The British Pound took off last Thursday after French President Emmanuel Macron said that the terms of Britain's proposed exit from the European Union could be amended. This was great news for the ailing British currency, and also for two of our funded forex traders, Johnny P. from Canada and Gnasso T. from Italy, who each racked up more than $4,000 that day riding the Pound higher.
The bearish funk continues for Sterling. The British currency is falling to two-year lows amid weak economic data and a looming Brexit deadline. Political disputes with the United States and China haven't helped matters. The Pound is now testing important levels against both the Dollar and Euro. But where do we go from here?
The British Pound is set to finish the month of May sharply lower after several weeks of losses versus other major currencies. Against the buck, Sterling is off 3% and near the lows of the year. There might be little relief in sight, given the uncertainty ahead of an October Brexit deadline and after the abrupt resignation last week of UK Prime Minister Theresa May.
On Monday, the British Pound shot 1% higher. Those gains were magnified in the Asian and London trading sessions before the pair sold off sharply. Coming into the office Tuesday, futures and forex traders in the U.S. will see that move nearly fully reversed, with the GBP/USD trading at 1.3060, down from a high near 1.33 in overnight trading.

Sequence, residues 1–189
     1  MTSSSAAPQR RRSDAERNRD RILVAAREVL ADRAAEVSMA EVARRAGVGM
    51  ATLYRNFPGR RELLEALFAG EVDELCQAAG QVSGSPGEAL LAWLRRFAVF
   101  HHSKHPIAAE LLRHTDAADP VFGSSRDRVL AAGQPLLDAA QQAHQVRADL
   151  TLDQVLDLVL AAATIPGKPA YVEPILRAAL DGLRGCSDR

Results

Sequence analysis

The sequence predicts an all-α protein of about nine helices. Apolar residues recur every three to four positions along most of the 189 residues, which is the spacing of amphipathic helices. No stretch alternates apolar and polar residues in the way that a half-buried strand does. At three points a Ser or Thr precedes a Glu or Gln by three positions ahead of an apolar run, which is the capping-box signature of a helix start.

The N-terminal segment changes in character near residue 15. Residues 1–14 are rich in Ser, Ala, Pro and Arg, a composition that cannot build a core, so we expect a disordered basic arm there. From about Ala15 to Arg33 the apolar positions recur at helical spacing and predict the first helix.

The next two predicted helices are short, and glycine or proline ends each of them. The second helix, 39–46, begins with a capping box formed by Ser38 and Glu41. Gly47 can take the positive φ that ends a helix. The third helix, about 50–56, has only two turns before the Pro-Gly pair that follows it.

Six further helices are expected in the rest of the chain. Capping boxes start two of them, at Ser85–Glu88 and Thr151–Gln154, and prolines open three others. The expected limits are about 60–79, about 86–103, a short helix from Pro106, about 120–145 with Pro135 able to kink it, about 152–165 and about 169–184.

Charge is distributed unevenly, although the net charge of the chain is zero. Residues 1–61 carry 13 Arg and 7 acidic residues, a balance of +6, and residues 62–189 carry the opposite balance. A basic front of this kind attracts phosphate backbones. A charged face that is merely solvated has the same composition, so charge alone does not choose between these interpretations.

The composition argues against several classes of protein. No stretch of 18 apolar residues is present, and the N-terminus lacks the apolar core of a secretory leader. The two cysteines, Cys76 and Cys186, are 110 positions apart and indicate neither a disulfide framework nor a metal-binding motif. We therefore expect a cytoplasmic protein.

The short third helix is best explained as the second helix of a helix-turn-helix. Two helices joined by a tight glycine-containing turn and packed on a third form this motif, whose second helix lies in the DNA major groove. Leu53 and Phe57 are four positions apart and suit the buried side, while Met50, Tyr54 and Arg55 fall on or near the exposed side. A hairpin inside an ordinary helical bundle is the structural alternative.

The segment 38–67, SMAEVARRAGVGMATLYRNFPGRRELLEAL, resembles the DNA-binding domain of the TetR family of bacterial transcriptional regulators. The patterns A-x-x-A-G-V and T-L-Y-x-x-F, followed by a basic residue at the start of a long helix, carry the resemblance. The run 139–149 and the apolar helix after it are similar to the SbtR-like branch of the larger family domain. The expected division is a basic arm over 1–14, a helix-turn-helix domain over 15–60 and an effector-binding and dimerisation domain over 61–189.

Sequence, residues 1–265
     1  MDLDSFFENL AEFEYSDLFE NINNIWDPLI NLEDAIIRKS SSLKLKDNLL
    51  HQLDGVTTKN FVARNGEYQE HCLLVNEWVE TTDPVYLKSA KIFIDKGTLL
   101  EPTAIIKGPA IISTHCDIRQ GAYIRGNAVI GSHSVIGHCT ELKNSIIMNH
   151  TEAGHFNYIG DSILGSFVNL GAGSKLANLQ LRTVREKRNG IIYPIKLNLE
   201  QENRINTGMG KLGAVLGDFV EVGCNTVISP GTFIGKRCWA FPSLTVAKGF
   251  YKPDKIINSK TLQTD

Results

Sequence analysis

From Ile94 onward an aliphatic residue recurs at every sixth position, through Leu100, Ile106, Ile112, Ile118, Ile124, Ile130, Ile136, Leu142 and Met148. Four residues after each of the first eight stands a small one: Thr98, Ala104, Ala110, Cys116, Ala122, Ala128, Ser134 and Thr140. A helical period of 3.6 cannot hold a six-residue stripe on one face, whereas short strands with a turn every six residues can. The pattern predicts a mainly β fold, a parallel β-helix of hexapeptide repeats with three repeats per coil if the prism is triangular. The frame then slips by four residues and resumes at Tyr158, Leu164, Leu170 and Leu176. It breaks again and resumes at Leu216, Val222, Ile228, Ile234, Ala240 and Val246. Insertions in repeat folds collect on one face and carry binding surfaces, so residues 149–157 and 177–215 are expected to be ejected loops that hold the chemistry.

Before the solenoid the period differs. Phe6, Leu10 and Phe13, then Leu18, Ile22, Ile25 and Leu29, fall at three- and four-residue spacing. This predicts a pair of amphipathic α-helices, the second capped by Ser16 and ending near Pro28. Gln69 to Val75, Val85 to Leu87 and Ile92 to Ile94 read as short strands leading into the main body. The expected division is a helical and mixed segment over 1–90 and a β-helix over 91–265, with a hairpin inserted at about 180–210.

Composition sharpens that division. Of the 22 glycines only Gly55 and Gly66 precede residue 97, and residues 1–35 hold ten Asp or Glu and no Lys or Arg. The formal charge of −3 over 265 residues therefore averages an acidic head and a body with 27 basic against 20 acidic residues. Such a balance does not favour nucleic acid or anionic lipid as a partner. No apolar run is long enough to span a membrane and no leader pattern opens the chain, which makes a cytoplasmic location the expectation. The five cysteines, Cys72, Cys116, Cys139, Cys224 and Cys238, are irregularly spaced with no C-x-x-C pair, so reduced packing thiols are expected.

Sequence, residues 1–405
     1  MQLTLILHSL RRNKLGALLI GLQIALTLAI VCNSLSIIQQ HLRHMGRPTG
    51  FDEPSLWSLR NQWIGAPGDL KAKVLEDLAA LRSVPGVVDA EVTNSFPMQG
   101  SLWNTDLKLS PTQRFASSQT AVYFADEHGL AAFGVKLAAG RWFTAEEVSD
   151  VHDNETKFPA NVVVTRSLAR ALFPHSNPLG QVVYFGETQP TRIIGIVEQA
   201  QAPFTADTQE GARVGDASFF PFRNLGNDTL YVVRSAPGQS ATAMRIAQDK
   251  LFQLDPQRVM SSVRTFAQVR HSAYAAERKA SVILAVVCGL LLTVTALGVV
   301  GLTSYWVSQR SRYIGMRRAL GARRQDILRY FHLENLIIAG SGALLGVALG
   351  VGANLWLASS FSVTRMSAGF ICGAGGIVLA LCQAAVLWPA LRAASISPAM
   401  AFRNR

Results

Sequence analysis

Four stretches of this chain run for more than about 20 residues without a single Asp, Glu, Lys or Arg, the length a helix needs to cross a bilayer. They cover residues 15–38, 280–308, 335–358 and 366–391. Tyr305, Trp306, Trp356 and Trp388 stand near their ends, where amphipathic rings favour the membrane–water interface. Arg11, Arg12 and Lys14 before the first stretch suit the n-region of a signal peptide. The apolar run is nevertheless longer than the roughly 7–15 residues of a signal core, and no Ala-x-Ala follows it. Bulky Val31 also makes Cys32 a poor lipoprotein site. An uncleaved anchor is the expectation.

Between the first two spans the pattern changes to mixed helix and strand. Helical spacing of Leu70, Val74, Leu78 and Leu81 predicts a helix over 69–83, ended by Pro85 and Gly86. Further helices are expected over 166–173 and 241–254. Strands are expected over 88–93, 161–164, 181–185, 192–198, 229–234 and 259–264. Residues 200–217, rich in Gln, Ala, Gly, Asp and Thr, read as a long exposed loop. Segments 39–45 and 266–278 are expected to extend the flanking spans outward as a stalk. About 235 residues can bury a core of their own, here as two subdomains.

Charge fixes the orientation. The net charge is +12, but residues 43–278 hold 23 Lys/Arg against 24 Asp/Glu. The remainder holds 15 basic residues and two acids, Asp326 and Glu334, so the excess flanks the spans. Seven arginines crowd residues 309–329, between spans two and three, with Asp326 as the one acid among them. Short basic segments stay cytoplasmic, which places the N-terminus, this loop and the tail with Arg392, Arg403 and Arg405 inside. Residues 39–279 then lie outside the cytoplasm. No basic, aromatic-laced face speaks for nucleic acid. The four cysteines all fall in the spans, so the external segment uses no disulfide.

Tuesday's move came as U.K. Attorney General Geoffrey Cox offered a legal opinion that may make Prime Minister Theresa May's plan less likely to pass today when it comes up for a vote. Ahead of that key vote, here is what to look for as you trade the British Pound.
The theme heading into 2017 was one of worry. Many in the market were worried there was going to be something to be worried about, expecting factors outside of typical “norms” would dominate the global economy. Brexit was one of the first “shocks.” Then President Donald Trump’s election in November 2016 magnified these concerns.
While equity markets took Brexit in stride, the Pound fell sharply. On June 23-24, 2016, Sterling fell from above 1.50 in the hours leading up to the vote results to settle at 1.35 at the end of the week – a 10% decline. By year end 2016, the Pound fell another 10% to close at 1.2343.